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Effects of Air Quality and Climate Change on Airway Hyperreactivity in Children (A Multi-Centered Study) | OMICS International
ISSN: 2161-105X
Journal of Pulmonary & Respiratory Medicine

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Effects of Air Quality and Climate Change on Airway Hyperreactivity in Children (A Multi-Centered Study)

Esen Demir1, Levent Midyat1*, Demet Can2, Ali Kanik3, Nevin Uzuner4, Figen Gülen1, Nejat Aksu3, Duygu Ölmez4, Suna Asilsoy2, Arzu Babayigit4, Eylem Ulas Saz1 and Remziye Tanaç1

1Ege University Faculty of Medicine, Department of Pediatrics, Division of Pulmonology-Allergy, Izmir, Turkey

2Dr. Behçet Uz Hospital of Educational and Research of Children Diseases and Surgery, Pediatric Pulmonology-Allergy, Izmir, Turkey

3SSK Tepecik Children’s Hospital, Pediatric Pulmonology-Allergy, Izmir, Turkey

4Dokuz Eylul University, Faculty of Medicine, Pediatric Pulmonology-Allergy, Izmir, Turkey

*Corresponding Author:
Levent Midyat
Ege Universitesi Cocuk Sagligi ve Hastaliklari AD
35100, Bornova, Izmir, Turkey
Tel: 90 532 405 9763
E-mail: [email protected]

Received date: August 08, 2011; Accepted date: November 06, 2011; Published date: November 08, 2011

Citation: Demir E, Midyat L, Can D, Kanik A, Uzuner N (2011) Effects of Air Quality and Climate Change on Airway Hyperreactivity in Children (A Multi-Centered Study). J Pulmonar Respirat Med 1:105. doi: 10.4172/2161-105X.1000105

Copyright: © 2011 Demir E, et al. This is an open-access article distributed under the terms of the Creative Commons Attribution License, which permits unrestricted use, distribution, and reproduction in any medium, provided the original author and source are credited.

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Abstract

The clinical effects of environmental pollution and climate change on respiratory health is a contemporary debate issue. In this study, the sulfur dioxide (SO 2 ), particulate matter (PM 10 ) levels, and climate conditions in the city of Izmir, have been taken together with the patients with asthma or acute bronchiolitis, who admitted to the children’s emergency departments of the four university/education-research hospitals in Izmir. From September 1, 2007 until August 31, 2008, the 22,467 patients who admitted to these centers because of airway hyperreactivity, were of age 3.05±1.57 on the average, and the male/female ratio was 1.7. Among the patients, 79.3% were having acute bronchiolitis, and 20.7% an asthma attack. As SO 2 and PM 10 levels increase, the daily asthma attacks, patients with acute bronchiolitis, and total of patients with hyperactivity, were observed to increase (p<0.001). In addition, the numbers in the following five days after the increase of air pollution rate, were observed to increase statistically significantly (p<0.001). The number of asthma and acute bronchiolitis patients applying to emergency, was negatively correlated with daily average temperature, but positively correlated with relative humidity, actual air pressure, and sea- level pressure levels (p<0.001). Reflecting on the increase of asthma and acute bronchiolitis in developed societies, there is a necessity of effective reliefs such as effectively monitoring the within-city air quality, taking the industrial centers out of the city, promoting public transportation, and preserving the natural life.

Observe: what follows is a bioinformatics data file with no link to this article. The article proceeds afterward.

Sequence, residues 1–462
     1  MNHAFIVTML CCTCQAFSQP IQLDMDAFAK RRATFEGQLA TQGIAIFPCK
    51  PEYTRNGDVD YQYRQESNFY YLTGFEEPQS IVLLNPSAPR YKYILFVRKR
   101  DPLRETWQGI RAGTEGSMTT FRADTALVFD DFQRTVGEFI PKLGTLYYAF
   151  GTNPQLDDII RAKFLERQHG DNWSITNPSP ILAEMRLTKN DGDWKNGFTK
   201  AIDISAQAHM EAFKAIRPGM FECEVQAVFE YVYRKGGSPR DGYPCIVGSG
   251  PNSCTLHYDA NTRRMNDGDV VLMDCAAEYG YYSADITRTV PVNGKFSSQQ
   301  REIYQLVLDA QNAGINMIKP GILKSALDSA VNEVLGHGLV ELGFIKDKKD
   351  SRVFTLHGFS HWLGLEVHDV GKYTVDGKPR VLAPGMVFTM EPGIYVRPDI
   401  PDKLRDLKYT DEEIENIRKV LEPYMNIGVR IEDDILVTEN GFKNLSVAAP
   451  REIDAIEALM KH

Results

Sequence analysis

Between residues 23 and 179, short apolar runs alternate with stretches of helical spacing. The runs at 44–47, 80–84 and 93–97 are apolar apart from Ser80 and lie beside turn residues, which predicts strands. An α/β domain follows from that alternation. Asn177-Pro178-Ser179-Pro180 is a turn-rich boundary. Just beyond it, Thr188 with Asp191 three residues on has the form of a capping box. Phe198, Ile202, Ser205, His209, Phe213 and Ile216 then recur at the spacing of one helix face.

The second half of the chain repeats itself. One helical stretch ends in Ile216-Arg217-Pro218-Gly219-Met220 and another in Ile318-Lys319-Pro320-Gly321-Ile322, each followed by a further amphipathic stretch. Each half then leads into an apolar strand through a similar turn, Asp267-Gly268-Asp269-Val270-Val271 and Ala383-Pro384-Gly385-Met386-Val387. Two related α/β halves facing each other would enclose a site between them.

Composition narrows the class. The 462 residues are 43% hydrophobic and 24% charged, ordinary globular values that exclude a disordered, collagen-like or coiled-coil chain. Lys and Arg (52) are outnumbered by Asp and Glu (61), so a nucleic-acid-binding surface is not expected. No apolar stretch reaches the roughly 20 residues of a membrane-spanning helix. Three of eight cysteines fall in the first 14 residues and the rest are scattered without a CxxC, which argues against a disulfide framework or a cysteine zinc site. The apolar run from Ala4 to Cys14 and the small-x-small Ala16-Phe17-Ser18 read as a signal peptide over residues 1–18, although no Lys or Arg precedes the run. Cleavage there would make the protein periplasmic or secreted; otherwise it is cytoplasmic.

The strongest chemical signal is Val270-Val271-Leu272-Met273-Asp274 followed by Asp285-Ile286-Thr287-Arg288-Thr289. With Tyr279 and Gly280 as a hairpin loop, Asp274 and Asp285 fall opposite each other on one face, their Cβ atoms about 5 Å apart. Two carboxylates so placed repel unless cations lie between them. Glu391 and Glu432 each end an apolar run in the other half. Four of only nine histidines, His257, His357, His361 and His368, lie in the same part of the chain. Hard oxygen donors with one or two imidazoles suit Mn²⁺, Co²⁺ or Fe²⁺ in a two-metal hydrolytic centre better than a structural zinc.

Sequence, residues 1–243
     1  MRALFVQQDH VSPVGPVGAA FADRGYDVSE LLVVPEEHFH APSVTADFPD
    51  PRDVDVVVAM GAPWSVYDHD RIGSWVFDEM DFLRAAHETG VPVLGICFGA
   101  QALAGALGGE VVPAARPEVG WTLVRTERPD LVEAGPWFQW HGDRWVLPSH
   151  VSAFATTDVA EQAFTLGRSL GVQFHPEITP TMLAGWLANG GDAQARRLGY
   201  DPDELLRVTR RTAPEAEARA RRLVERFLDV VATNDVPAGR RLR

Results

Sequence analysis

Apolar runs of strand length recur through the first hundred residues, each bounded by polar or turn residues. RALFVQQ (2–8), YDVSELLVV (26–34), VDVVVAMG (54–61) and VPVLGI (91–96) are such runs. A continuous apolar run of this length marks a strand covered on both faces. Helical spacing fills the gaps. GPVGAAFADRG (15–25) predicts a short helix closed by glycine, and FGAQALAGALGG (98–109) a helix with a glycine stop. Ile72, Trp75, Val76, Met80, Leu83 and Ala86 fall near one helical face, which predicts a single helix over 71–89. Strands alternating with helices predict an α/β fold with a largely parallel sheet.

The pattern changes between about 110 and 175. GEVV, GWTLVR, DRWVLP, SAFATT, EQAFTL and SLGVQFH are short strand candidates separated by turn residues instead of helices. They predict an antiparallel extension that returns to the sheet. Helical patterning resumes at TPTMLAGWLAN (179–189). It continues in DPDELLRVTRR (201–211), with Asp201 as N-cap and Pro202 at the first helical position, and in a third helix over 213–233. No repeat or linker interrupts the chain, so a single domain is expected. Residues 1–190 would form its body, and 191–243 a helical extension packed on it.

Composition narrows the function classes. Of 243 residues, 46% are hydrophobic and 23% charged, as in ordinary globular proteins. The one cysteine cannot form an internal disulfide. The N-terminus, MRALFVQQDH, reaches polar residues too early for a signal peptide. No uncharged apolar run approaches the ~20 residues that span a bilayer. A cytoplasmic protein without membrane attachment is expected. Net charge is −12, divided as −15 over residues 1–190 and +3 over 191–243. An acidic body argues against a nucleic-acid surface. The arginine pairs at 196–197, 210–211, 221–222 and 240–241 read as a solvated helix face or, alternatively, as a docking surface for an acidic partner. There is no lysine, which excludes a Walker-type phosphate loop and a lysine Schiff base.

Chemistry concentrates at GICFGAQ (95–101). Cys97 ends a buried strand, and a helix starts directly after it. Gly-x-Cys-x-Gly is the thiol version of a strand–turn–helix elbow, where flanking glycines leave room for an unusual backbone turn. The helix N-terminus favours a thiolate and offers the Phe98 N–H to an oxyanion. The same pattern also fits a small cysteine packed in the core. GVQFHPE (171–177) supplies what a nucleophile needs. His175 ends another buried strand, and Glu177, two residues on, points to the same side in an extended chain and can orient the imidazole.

Keywords

Air Pollution; Climate Change; Asthma; Acute Bronchiolitis; Children

Introduction

A correlation between air quality and respiratory diseases has been demonstrated by a large number of studies conducted by different research groups throughout the world, however the association between air pollution and asthma is less obvious. Although there are some contradictory results in the medical literature, an increase has been seen in many studies both in prevalence and in healthcare attendance for asthma, in terms of primary care and hospital emergency settings when air pollution levels are high [1,2]. Most of the studies have shown that excessive mortality and morbidity are associated with increases in air pollution [1,3-7]. This increase in mortality and morbidity has led to increase in studies investigating the different environmental factors that might be associated with the risk of developing asthma and asthma attacks [2].